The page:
In other developed nations, midwives are routinely tasked with bringing new life into the world. Not so in the U.S., where delivery is largely presided over by obstetricians. But a new study finds that midwives are getting busier, delivering 8.1% of the country’s babies in 2009 — a record high.
Slice the data differently and the proportion rises even further. Consider vaginal births only — midwives don’t do cesarean sections — and the figure rises to 12.1%, or about one of every eight deliveries, according to statistics from the U.S. Centers for Disease Control and Prevention (CDC).
“If this trend continues, it will bring us more in line with the rest of the world in giving midwives a central role in prenatal care and birth,” says study author Eugene Declercq, professor of community-health sciences at the Boston University School of Public Health. “Given that other countries have lower costs and better outcomes, it would be a positive thing for this country.”
The report, published Monday in the Journal of Midwifery & Women’s Health, analyzed two decades of CDC data that showed that a greater proportion of women are choosing to rely on midwives in what experts think is a direct reaction to rising rates of C-section births. Midwives approach birth differently than many physicians: they shy away from inducing labor in most situations, which can lead to a greater likelihood of cesarean delivery. Starting early in the prenatal period, they may take a more holistic approach, emphasizing diet. In labor, they spend much more time in the delivery room, encouraging a woman to try different positions or to walk around to get labor moving. “They have more patience,” says Declercq.
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A recent article in the New York Times noted that in certain chic city circles, midwives are becoming a must-have labor accessory:
“The perception of midwives has completely shifted,” said Dr. Jacques Moritz, director of the gynecology division at St. Luke’s-Roosevelt and a consulting obstetrician for three midwife practices. “It used to be just the hippies who wanted to go to midwives. Now it’s the women in the red-bottom shoes.”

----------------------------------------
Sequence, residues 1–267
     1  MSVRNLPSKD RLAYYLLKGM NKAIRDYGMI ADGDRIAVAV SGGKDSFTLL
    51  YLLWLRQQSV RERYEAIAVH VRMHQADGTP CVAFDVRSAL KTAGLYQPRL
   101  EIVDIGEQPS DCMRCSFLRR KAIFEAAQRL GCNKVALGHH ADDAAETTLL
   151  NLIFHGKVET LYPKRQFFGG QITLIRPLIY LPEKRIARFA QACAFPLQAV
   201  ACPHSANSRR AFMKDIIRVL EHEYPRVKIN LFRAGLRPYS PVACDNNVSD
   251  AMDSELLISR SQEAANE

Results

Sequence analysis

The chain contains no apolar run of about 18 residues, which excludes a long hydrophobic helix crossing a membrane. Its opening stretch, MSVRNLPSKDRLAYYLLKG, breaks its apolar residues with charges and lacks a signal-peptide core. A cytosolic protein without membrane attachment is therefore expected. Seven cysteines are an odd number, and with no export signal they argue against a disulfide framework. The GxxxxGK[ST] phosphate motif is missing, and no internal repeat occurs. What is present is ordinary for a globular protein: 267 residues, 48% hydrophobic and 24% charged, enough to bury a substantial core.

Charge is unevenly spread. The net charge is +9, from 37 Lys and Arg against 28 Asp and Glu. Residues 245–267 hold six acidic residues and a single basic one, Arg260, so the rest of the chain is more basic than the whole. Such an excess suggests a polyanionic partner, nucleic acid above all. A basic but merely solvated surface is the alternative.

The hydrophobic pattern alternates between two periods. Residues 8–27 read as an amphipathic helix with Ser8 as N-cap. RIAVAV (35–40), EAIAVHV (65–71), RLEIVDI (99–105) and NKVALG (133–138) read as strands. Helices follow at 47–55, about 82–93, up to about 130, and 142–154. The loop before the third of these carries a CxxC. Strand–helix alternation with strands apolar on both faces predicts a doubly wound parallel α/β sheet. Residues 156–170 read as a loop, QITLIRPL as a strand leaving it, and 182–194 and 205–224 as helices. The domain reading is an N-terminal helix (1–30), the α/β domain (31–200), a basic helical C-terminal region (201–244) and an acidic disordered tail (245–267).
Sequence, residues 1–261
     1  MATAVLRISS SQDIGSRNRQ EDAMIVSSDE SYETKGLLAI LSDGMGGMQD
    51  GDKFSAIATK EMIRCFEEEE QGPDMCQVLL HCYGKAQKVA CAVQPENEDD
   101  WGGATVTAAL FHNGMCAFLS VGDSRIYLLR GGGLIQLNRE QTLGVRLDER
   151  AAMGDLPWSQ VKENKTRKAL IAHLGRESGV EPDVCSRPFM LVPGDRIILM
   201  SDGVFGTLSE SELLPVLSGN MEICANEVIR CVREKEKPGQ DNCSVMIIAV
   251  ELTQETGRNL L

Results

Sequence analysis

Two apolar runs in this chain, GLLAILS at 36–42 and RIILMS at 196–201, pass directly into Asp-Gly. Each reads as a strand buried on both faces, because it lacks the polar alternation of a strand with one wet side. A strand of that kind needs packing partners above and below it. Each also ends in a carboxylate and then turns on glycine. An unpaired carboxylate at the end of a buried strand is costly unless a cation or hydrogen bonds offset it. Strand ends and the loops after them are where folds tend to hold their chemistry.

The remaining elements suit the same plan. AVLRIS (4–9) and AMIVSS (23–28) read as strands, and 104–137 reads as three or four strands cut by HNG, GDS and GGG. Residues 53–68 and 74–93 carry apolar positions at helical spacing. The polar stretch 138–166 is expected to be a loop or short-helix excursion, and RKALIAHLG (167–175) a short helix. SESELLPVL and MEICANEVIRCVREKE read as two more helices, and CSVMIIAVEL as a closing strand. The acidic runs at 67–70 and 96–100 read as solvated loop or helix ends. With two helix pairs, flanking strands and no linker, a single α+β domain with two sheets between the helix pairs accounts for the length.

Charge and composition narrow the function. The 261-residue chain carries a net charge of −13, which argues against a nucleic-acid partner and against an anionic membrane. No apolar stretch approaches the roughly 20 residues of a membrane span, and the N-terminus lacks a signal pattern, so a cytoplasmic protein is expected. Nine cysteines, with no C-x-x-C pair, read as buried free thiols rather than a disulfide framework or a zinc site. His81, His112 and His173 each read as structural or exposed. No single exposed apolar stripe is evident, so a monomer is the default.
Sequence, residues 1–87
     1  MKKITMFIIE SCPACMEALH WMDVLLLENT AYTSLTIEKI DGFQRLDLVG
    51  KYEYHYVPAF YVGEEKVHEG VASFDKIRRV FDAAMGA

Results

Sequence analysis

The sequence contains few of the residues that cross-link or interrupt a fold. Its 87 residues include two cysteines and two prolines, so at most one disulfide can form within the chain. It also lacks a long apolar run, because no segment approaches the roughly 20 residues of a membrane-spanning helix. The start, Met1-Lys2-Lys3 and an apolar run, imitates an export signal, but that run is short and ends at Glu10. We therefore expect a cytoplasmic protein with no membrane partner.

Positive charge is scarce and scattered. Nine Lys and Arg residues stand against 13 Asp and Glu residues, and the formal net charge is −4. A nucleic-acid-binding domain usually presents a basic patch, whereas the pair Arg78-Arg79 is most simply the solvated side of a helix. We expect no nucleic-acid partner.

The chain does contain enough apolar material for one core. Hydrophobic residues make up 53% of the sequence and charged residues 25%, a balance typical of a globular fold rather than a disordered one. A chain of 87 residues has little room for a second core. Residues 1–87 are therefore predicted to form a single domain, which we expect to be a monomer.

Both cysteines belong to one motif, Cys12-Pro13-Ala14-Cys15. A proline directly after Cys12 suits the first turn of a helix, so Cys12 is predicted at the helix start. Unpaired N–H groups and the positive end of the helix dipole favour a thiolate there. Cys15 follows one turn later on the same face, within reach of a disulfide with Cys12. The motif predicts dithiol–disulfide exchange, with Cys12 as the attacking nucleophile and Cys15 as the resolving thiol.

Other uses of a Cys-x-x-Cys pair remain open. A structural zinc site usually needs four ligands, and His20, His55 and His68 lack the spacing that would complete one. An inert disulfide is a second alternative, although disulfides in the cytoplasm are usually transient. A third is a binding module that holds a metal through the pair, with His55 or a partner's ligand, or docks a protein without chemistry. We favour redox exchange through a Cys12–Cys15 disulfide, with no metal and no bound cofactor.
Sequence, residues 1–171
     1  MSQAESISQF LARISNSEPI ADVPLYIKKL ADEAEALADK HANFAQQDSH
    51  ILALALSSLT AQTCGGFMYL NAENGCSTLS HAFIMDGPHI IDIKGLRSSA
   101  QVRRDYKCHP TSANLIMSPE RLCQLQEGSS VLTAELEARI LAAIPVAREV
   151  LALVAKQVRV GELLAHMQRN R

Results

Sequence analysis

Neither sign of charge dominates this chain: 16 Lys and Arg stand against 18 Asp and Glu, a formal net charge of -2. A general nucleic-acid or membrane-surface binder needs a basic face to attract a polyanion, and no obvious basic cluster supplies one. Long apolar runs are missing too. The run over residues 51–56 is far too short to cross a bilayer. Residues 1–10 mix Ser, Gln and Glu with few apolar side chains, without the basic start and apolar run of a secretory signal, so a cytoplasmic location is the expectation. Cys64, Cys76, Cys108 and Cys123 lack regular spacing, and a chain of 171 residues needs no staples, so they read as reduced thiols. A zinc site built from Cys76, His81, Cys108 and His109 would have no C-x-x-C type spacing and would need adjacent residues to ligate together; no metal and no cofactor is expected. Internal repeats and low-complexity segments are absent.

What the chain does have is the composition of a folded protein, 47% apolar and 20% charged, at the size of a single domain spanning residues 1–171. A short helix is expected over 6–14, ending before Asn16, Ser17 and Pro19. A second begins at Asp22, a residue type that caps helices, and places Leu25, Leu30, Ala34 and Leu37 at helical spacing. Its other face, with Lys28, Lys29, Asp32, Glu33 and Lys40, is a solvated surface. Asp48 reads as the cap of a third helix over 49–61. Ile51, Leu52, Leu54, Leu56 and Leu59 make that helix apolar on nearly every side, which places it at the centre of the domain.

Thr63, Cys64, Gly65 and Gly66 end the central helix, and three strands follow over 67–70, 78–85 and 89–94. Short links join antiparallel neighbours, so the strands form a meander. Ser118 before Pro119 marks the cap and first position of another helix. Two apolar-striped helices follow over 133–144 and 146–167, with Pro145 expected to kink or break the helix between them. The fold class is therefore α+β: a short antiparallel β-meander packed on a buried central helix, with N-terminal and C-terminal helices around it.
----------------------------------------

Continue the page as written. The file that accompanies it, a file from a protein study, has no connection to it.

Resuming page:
And like any status symbol, a pecking order has emerged. Just as getting your toddler into the right preschool requires social maneuvering, getting into a boutique midwifery clinic has become competitive.
“We constantly have to turn women away,” said Sylvie Blaustein, the founder of Midwifery of Manhattan, a practice on West 58th Street that has its share of well-heeled clients. Opened in 2003, the practice now has six midwives on staff. “Because of the quality of care, we can only deliver about 20 babies a month.”
“It sounds bizarre,” Ms. Blaustein added, “but midwifery has become quote-unquote trendy.”
Part of that may be due to midwifery becoming more accepted by white mothers. Declercq’s study noted that in 1990, most midwife deliveries were to nonwhite mothers; by 2009, the figures had balanced out. There are also regional variations, with higher concentrations in the Northeast and West Coast. Some notable exceptions: in Georgia, midwives deliver about 18% of all vaginal births; New Mexico has the county’s highest rate, at 24% for all births. “Not surprisingly, they also have one of the lowest C-section rates in the country,” says Declercq.
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In other parts of the country, some of the obstacles to expectant moms embracing midwives may stem from the confusion around their qualifications. An obstetrician is an obstetrician, but there are three categories of midwives: certified nurse midwives (CNM) are registered nurses who’ve studied an additional two years to get a degree in midwifery. Certified midwives are a small group who undergo training but come to midwifery from a background other than nursing. Certified professional midwives follow a different track altogether and attend mostly home births.
The actual number of CNM-assisted births has stayed the same over the years as the number of total births has dropped, which is why the proportion of midwife deliveries has increased. Doctors may not be too pleased with the data, since there’s long been a professional rivalry between the two camps. While in England a 1902 law put midwives in charge of maternity care, the U.S. enacted 1894 legislation in Massachusetts that made it illegal for midwives to practice without a medical license. From that point on, obstetricians have delivered most U.S. babies.
But in an article I wrote about home births, Dr. George Macones, an obstetrician at Washington University in St. Louis and chair of the American College of Obstetricians and Gynecologists’ Committee on Obstetric Practice, singled out birthing centers as an option that more pregnant women should be able to access. Staffed by midwives, birthing centers in or near hospitals can provide a more peaceful delivery while still offering expert medical care should an emergency arise. “That’s the best of both worlds,” says Macones. “It’s a very nice, quiet, more natural experience, but if something happens you could literally be wheeled underground to the hospital.”
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